This was first published in the Saskatoon Star-Phoenix on August 22, 2005.
One of the mysteries of my childhood was the mushroom. Primarily, mushrooms came in a can and I was not too fond of their rubbery gray texture. But every now and then, my dad would come into the kitchen with a handful of fresh brown mushrooms he had just picked in the farmyard. They smelled so wonderful cooked in butter, and he took great pleasure in eating them.
I did not enjoy them due to the simple fact that my mother forbade it. While she was reluctantly resigned to losing her husband to a poisonous mushroom, she was certainly not going to expose her children to a similar fate. I never learned where they grew or how to identify them. As far as I knew, every wild mushroom was a potential killer and best left underfoot.
As an adult, I had been quite happy to buy mushrooms in the grocery store – until now. Since April, I have been supplying my diet almost exclusively with foods produced in Saskatchewan. If I wanted to eat mushrooms, I would have to find a local source.
Fortunately, Saskatchewan’s forests are teaming with edible mushrooms. Some are among the most prized mushrooms in the world, where they sell for top dollar in foreign grocery stores. Unfortunately, they rarely make an appearance in our own groceries. Why? Perhaps because we are unaccustomed to cooking with a wrinkled morel or an orangey chanterelle. Perhaps there’s more money in selling a pine mushroom in Japan for $100 a pound.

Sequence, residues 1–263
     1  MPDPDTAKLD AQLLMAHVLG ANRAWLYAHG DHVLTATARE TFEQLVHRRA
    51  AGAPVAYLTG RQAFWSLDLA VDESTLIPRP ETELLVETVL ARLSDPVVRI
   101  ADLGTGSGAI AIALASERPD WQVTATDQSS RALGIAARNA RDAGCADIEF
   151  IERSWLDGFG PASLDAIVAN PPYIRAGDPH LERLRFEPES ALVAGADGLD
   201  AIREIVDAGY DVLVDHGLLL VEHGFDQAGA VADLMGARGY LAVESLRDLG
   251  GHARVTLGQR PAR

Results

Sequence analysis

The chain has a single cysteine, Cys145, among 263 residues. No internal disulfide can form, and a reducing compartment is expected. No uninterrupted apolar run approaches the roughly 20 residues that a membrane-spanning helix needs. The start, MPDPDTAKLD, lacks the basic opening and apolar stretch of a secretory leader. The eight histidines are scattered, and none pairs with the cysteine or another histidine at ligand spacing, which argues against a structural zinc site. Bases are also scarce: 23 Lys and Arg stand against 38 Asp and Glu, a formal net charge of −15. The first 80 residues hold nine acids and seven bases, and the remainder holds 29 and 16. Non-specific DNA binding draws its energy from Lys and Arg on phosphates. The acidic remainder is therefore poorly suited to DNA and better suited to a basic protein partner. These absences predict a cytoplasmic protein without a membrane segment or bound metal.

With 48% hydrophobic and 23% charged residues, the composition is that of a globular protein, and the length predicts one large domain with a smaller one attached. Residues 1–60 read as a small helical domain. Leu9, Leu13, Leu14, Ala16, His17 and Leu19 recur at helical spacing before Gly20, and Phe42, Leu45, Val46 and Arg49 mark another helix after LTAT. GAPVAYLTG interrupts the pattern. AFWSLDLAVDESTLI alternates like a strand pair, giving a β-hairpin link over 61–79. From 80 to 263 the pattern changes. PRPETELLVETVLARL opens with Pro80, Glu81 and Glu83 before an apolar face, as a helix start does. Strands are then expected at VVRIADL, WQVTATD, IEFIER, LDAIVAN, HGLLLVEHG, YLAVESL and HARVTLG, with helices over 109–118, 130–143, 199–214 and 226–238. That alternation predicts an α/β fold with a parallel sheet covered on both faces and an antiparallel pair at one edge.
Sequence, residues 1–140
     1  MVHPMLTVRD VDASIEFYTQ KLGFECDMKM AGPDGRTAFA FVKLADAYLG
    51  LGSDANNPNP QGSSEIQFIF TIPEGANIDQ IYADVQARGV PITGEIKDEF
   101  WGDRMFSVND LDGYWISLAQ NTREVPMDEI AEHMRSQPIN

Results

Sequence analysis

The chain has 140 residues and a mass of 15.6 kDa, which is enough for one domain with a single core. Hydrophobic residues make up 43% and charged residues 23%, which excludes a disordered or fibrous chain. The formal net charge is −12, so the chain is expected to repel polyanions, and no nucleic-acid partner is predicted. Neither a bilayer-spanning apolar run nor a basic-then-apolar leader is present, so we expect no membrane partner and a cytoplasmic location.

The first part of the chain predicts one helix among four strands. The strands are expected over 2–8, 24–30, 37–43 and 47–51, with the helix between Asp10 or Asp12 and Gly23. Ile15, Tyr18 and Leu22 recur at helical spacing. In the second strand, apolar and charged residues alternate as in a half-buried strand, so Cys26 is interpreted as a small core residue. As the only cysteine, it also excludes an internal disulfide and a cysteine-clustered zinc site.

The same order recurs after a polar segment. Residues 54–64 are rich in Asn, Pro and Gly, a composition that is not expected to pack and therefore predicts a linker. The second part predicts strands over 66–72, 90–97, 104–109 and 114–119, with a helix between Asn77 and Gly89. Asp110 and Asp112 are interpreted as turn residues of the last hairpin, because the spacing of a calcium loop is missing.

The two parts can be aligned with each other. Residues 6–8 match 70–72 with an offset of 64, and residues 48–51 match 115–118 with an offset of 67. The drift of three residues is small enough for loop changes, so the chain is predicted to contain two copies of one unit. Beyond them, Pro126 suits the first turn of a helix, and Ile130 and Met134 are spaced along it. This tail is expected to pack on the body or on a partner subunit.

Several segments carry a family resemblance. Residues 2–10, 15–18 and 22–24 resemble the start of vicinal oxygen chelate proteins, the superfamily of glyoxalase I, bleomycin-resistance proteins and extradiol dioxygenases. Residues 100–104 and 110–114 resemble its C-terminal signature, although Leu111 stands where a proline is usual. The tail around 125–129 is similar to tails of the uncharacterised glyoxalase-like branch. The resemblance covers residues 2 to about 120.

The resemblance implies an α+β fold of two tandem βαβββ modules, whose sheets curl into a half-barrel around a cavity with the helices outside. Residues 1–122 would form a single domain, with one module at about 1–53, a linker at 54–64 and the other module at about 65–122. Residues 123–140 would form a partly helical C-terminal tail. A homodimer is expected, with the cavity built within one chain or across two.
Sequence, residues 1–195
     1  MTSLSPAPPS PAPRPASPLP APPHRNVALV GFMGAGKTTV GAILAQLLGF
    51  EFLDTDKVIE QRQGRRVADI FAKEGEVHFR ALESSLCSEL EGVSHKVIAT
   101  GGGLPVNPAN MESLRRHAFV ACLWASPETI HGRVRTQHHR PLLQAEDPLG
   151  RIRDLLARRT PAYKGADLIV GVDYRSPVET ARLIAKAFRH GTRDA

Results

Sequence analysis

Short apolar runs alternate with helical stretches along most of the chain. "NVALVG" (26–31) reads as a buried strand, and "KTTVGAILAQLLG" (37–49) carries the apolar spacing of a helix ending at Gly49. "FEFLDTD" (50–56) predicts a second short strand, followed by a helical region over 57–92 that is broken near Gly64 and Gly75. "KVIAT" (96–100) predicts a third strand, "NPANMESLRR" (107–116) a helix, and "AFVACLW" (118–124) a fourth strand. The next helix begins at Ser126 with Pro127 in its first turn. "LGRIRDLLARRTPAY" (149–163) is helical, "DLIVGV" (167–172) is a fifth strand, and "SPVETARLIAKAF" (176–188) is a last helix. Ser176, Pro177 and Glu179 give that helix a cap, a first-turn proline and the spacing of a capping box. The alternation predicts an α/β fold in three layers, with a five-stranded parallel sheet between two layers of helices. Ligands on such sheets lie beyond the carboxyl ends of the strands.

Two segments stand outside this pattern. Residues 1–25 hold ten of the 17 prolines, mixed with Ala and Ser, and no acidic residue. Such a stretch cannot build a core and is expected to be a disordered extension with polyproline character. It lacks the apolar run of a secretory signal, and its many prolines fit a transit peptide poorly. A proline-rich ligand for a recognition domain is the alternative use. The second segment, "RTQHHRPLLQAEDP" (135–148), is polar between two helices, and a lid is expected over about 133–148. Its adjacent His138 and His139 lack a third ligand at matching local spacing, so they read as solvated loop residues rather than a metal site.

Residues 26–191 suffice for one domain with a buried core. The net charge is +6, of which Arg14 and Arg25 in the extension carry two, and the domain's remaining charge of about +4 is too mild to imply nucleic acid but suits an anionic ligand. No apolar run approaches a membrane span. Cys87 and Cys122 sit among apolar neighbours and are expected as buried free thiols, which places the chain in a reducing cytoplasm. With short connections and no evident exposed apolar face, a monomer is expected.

Since I am a) thrifty, b) willing to try something new and c) a pretty good picker, I decided to go into the forest and collect the mushrooms myself. I needed a guide so I called Gerry Ivanochko, the mushroom specialist at Saskatchewan Agriculture in La Ronge. Gerry is studying the potential for selling wild Saskatchewan mushrooms to the world – Is it more profitable to cut the pine trees for things like fence posts, or leave the trees and harvest the mushrooms that grow underneath?
Armed with some buckets and a knife, Gerry led me and my friend David, also an avid picker, into the Jack Pine forest where the ground is covered with soft reindeer moss and dotted with mushrooms of various kinds.
"None of these mushrooms will kill you," Gerry assured us. "But some of them might make you sick."
Before long I was on my hands and knees cutting a young chanterelle out of the moss. The chanterelle mushroom is prized in European cooking for its lovely apricot colour and great taste. We also collected pine mushrooms, which are harder to spot on the forest floor. In Japan and Korea, they are considered a great delicacy imparting manly vigor, longevity and good health.
In spring, especially a year or two after a forest fire, morel mushrooms are picked in abundance. Gerry says the wild mushroom business brings about $1 million into Saskatchewan every year, but there’s potential for at least five times that.
Along a gravel road through the forest, a buyer has set up a tent to purchase the mushrooms directly from pickers. According to our guide, some of these mushrooms will be on dinner tables half way around the world in just a few days. It took a lot less time to reach my dinner table! This pasta recipe is good with any edible mushroom, but of course, I like it best with chanterelles I just picked myself.
You might check the stores for dried Saskatchewan morels, which are being packaged and sold by Northern Lights Foods of La Ronge. For more mushroom recipes, check my food website at homefordinner.blogspot.com.
PASTA WITH CHANTERLLE MUSHROOMS
Melt 1T of butter in a saucepan and sauté 2 chopped shallots until soft. Add 1 pound of sliced mushrooms and cook until the liquid evaporates. Add 1T lemon juice and 2T port (or other sweet wine). Bubble a few minutes and add 1 cup of cream. Season with salt and pepper. Simmer until the cream thickens, about 10 minutes. Serve warm over fettucini or other cooked pasta.